Theater Review: Ella Grossman

Kudos to the Ella Grossman designers, including set designer Eran Atzmon, costumer Orna Smorgonsky, video artist Yoav Cohen and most certainly to director Pines.

By HELEN KAYE
June 24, 2015 21:08
1 minute read.
‘ELLA GROSSMAN’

‘ELLA GROSSMAN’. (photo credit: DANIEL KAMINISKI)

 
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The staging is brilliant. Newspaper headlines, cascading columns of letters, a half ruined half-wall that advances and recedes, furniture that trundles on and off, costumes that reflect their time, even to the ‘70s exaggerated sideburns on the men, deft lighting, apt music choices.

Kudos to the Ella Grossman designers, including set designer Eran Atzmon, costumer Orna Smorgonsky, video artist Yoav Cohen and most certainly to director Pines.

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The actors, too, tackle their lines with imagination and fervor. Gaia Be’er-Gorovich reveals a starry-eyed, somewhat naïve young Ella who promises Papa Shmuel, played with deceptive simplicity by the veteran Avraham Selektar, that she’ll never hide her light under a bushel. She interacts with Hila Feldman whose grown-up Ella has a ferocious intensity, little sense of humor, an aversion to compromise and a world that’s either black or white.

Shlomi Tapiero’s privileged, pampered Yair and Haike Malka’s overbearing, bullying Uri provide her a proper foil, while Shimrit Lustig as glamorous Ossi demonstrates that you can have it all.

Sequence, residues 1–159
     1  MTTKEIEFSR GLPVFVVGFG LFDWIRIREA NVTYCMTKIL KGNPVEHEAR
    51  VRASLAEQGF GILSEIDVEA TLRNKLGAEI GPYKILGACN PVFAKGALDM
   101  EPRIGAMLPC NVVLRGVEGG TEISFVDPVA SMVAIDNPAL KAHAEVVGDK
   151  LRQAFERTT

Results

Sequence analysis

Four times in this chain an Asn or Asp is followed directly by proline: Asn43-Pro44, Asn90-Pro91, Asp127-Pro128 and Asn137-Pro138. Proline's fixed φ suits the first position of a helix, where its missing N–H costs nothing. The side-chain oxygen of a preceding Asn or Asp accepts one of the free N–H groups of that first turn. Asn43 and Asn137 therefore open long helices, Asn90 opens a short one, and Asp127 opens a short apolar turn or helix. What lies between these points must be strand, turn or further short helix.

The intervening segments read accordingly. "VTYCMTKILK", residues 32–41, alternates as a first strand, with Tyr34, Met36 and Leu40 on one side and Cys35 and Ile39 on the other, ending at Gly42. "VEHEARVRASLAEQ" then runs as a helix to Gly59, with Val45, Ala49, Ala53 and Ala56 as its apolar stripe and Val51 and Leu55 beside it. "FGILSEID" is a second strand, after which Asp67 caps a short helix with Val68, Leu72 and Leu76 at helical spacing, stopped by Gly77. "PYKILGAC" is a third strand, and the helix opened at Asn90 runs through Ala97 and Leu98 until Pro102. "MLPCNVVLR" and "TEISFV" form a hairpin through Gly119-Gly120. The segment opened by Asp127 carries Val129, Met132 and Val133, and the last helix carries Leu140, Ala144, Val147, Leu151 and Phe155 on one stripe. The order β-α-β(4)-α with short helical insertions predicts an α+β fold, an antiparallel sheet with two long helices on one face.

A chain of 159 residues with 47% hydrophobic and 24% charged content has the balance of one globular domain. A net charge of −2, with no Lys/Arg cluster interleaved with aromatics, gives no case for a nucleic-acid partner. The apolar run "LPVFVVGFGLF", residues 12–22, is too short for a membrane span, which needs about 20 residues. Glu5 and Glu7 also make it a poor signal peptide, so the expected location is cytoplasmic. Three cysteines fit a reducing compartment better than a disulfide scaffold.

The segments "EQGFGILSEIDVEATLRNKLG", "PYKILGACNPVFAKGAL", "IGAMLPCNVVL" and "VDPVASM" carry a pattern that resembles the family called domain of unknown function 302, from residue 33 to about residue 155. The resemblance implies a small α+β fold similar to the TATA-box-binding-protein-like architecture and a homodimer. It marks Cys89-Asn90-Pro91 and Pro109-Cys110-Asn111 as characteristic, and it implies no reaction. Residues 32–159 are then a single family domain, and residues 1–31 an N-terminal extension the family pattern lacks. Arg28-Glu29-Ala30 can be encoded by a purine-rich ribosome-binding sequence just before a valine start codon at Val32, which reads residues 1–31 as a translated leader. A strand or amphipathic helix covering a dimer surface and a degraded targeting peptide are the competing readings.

Yaniv Levi is a soulful, gutsy Miki who lets us see the torch he carries for Ella, while Keren Marom as Shira includes us in her mounting frustration.

They do their best with what they’ve got, and there’s the rub, because, rather than a play, Ella Grossman is a docudrama that doesn’t seem to know what it really wants, and whose characters are therefore more placards than people.

Ella wants to be a journalist but both in the IDF and in civilian life her gender continuously erects barriers on her career path. As its trajectory swings upwards, she pays the price so that when she finally makes it to the top, she’s alone and friendless. Then, just as “a scoop has turned to hope,” fate steps in.



Ella Grossman takes on gender inequality and bias, the moral cost of our endless wars, and Israel’s generally macho culture, but it prods rather than probes.

By Dafna Engel Mechrez, Directed by Tzipi Pines, Beit Lessin, June 18

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